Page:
Regional Variations

Heroin and cocaine are abused mainly in urban centres. Cannabis is abused in the coastal region. Hallucinogen abuse is reported in the main cities. Methaqualone and tranquilizers are abused in most regions (Mwenesi Abdullah Halima 1995).

            Khat is used to varying degrees in Kenya, but its abuse is concentrated in the North Eastern and Coast provinces, especially among the Muslim population (Haji A.R.J.1983).

Community concern is increasing in relation to the abuse of heroin, cocaine, methaqualone and solvents. However, drug abuse is not considered a major problem (Mwenesi Abdullah Halima 1995).

Mode of Intake

According to a 1994 rapid assessment, health workers reported that injecting drugs is not popular among drug abusers, although it was observed among heroin abusers. Some of the injecting abusers are hospital workers who abuse morphine and other prescription drugs. Injecting in the tongue and legs is reported. Needles and syringes are readily available from pharmacies but shared use is reported among one third of those who inject. Health worker also report that they could not attribute detected HIV cases to drug injecting (Mwenesi Abdullah Halima 1995).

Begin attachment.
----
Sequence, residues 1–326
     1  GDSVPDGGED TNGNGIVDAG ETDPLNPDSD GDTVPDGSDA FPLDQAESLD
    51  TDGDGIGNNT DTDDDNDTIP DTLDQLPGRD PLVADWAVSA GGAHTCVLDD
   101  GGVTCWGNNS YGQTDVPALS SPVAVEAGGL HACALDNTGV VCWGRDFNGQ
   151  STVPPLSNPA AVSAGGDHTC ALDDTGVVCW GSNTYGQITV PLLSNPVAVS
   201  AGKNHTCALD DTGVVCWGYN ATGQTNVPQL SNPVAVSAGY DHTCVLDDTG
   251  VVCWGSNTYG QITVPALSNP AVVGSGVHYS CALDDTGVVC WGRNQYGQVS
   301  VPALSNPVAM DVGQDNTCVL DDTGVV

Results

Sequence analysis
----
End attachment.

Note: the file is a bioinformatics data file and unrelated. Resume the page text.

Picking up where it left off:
Khat appears to be a gateway drug to tranquilizers, which are used to reduce khat caused insomnia, as well as, amphetamines for additional stimulus and to cough syrups containing codeine to reduce pain and induce drowsiness (Mwenesi Abdullah Halima 1995).



According to a 1994 rapid assessment, abusers reported strained relations with family and friends and family break up (200 out of 383), decline or failure in school, loss of employment (52 out of 383), medical complications and legal problems (about 191 out 383) (Mwenesi Abdullah Halima 1995).